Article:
This is interesting. Owen and Scott believe in reform, they want the world to be a better place and fight (hard) to make it so. I love them both for it. But they aren’t up for a complete assault on the world’s core operating rules and structures. In a way this ultimately groups them (and possibly me – this is not a critique of Scott and Taylor whose concerns I think are well founded) on the same side of a dividing line as people like Tom Flanagan (the former adviser to the Canadian Prime Minister who half-jokingly called for Assange to be assassinated) and Joe Liberman (who called on companies that host material related to wikileaks to sever their ties with them). I want to be clear, they do not believe Assange should be assassinated but they (and possibly myself) do seem to agree that his tactics are a direct threat to the functioning of system that I think they are arguing needs to be reformed but preserved – and so see wikileaks as counterproductive.

My point here is that I want to make explicit the choices wikileaks is forcing us to make. Status quo with incremental non-structural reform versus whole hog structural change. Owen and Gilmore can label wikileaks a failure but in accepting that analysis we have to recognize that they view it from a position that believes in incremental reform. This means you believe in some other vehicle. And here, I think we have some tough questions to ask ourselves. What indeed is that vehicle?

This is why I think Jay Rosen’s piece is so damn important. One of the key ingredients for change has been the existence of the “watchdog” press. But, as he puts it (repeated from above):

I think it is a mistake to reckon with Wikileaks without including in the frame the spectacular failures of the watchdog press over the last 10, 20, 40 years, but especially recently. And so, without this legitimacy crisis in mainstream American journalism, the leakers might not be so inclined to trust Julian Assange and a shadowy organization like Wikileaks. When the United States is able to go to war behind a phony case, when something like that happens and the Congress is fooled and a fake case is presented to the United Nations and war follows and 100,000s of people die and the stated rationale turns out to be false, the legitimacy crisis extends from the Bush government itself to the American state as a whole and the American press and the international system because all of them failed at one of the most important things that government by consent can do: which is reason giving.

the logical conclusion of Rosen’s thesis is a direct challenge to those of us who are privileged enough to benefit from the current system. As ugly and imperfect as the current system may be Liberman, Flanagan, Owen and Gilmore and, to be explicit, myself, benefit from that system. We benefit from the status quo. Significantly. Dismantling the world we know carries with it significant risks, both for global stability, but also personally. So if we believe that Assange has the wrong strategy and tactics we need to make the case, both to ourselves, to his supporters, to those who leak to wiki leaks and to those on the short end of the stick in the international system about how it is the reform will work and how it is that secrecy and power will be managed for the public good.

In this regard the release of wikileak documents is not a terrorist event, but it is as much an attack on the international system as 9/11 was. It is a clear effort to destabilize and paralyze the international system. It also comes at a time when confidence in our institutions is sliding – indeed Rosen argues that this eroding confidence feeds wikileaks.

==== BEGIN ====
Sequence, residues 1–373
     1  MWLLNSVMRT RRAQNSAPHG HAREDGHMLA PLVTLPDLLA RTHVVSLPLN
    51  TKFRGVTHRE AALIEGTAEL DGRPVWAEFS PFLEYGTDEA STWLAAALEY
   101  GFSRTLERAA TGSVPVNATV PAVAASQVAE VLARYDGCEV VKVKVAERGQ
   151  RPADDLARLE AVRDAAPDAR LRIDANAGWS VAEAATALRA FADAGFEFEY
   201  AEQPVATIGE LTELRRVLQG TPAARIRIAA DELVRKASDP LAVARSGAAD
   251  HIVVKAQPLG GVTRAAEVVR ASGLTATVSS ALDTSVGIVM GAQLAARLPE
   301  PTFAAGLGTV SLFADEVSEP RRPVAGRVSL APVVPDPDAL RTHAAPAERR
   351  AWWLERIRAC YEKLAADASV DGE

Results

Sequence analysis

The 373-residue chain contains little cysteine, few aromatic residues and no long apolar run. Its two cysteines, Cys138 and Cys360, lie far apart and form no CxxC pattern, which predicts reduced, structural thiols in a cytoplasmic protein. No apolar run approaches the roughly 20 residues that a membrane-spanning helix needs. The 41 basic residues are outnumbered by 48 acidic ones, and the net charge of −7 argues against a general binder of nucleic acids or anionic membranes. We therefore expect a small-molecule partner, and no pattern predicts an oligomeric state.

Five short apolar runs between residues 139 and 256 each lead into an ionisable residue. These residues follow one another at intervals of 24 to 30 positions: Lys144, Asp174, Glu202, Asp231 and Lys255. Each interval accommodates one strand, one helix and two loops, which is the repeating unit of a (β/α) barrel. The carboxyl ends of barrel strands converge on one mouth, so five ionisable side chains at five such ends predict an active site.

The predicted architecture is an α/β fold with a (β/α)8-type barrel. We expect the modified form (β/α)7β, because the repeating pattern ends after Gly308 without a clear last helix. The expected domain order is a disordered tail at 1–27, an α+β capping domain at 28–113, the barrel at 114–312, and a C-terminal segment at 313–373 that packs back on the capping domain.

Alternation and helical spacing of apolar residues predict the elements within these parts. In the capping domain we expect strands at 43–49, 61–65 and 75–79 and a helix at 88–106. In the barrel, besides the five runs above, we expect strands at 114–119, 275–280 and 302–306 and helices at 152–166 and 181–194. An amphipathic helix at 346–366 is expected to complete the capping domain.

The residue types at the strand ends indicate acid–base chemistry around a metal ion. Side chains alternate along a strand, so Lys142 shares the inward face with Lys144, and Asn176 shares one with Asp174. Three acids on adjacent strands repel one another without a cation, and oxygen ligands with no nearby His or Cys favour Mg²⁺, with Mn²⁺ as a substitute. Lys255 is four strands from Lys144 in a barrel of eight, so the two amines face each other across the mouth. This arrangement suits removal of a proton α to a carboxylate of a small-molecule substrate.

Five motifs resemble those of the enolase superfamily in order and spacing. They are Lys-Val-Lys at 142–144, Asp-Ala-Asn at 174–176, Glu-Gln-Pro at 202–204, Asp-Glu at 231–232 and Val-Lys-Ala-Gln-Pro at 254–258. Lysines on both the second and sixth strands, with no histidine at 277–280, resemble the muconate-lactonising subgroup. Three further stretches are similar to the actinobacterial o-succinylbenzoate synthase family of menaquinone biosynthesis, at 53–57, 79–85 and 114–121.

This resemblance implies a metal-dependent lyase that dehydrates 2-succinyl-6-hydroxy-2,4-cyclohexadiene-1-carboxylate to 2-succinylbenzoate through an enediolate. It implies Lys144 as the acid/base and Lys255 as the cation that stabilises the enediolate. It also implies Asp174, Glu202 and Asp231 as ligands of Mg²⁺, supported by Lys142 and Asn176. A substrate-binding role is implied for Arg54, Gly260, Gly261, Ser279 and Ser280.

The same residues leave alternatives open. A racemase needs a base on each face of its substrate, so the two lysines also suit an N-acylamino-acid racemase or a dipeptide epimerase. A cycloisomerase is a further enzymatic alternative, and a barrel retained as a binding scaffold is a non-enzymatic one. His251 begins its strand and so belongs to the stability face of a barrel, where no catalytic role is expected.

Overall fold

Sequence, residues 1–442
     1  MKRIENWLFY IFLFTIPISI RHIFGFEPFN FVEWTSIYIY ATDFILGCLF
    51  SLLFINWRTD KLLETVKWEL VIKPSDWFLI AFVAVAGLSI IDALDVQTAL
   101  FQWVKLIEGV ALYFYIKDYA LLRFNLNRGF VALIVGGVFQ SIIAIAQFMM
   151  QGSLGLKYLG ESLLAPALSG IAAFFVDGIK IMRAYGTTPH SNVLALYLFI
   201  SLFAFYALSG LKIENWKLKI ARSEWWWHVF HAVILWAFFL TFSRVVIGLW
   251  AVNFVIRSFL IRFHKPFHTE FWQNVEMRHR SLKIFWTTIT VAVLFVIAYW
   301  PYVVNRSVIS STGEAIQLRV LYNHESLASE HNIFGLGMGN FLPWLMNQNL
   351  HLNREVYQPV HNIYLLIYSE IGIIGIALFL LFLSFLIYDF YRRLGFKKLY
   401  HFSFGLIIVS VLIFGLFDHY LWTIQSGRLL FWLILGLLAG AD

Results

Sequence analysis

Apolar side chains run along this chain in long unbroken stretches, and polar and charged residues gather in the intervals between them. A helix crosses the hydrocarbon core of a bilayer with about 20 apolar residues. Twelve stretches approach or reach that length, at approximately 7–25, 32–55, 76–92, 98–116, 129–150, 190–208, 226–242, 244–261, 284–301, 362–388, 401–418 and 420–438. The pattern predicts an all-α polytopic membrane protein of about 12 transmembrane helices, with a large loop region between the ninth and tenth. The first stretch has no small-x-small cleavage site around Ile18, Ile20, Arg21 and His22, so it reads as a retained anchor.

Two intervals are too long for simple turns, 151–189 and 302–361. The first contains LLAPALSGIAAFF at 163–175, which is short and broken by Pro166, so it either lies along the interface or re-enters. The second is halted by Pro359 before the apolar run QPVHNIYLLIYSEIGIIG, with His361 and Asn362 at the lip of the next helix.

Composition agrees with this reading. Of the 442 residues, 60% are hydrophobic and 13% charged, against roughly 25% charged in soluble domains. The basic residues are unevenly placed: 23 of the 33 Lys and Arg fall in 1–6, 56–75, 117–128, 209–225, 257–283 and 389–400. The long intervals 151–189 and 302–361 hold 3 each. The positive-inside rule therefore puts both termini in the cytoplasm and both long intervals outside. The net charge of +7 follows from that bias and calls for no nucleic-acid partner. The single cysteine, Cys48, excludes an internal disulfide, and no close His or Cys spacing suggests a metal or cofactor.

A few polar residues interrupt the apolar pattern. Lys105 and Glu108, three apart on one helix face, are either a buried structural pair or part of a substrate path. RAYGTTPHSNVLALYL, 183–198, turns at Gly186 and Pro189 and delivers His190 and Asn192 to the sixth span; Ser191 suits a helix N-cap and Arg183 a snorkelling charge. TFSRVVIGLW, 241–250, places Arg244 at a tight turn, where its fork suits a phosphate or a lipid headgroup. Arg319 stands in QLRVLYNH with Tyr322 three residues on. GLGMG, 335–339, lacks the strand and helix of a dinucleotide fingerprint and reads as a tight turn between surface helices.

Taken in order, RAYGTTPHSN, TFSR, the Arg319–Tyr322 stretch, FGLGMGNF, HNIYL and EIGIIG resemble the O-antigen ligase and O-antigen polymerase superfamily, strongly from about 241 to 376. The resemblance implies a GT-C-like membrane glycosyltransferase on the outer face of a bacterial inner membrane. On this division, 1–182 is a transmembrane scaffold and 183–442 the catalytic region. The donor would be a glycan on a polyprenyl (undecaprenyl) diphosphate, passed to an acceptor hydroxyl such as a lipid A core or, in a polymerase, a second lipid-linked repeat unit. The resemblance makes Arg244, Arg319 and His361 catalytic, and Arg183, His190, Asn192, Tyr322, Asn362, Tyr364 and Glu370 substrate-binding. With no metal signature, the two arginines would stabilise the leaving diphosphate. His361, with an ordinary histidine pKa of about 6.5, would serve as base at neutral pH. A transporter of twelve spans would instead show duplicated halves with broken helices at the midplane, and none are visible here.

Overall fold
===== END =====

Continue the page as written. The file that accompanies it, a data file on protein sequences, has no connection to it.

So what matters is how we react. To carry forward (the dangerous) 9/11 analogy, we cannot repeat the mistakes of the Bush administration. Then our response corrupted the very system we sought to defend, further eroded the confidence in institutions that needed support and enhanced our enemies – we attacked human rights, civil liberties, freedom of speech and prosecuted a war that killed 100,000s of innocent lives on the premise of manufactured evidence.

Consequently, our response to the current crises can’t be to close up governments and increase secrecy. This will strengthen the hands of those who run wikileaks and cause more public servants and citizens to fear the institutions wikileaks and look for alternatives… many of whoe will side with wikileaks and help imped the capacity of the most important institution in our society to respond to everyday challenges.

As a believer in open government and open data the only working option to us to do the opposite. To continue to open up these institutions as the only acceptable and viable path to making them more credible. This is not to say that ALL information should be made open. Any institution needs some private place to debate ideas and test unpopular theses. But at the moment our governments – more through design and evolution than conspiracy – enjoy far more privacy and secrecy than the need. Having a real and meaningful debate about how to change that is our best response. In my country, I don’t see that debate happening. In the United States, I see it moving forward, but now it has more urgency. Needless to say, I think all of this gives new weigh to my own testimony I’ll be making before the parliamentary Standing Committee on Access to Information, Privacy and Ethics.

I still hope the emerging conflict between open and closed can be won without having to resort to the types of tactics adopted by wikileaks. But for those of use who believe it, we had better start making the case persuasively. The responses of people like Flanagan and Liberman remind me of Bush after 9/11 “you are either with us, or with the terrorists.” Whether intentionally or unintentionally, an analogous response will create a world in which power and information are further removed from the public and will lead to the type of destabilizing change Assange wants.

I’m bound to write more on this – especially around wikileaks, open data and transparency that I think some authors unhelpfully conflate but this post is already long enough and I’m sure most people haven’t even reached a place where they’ll be reading this.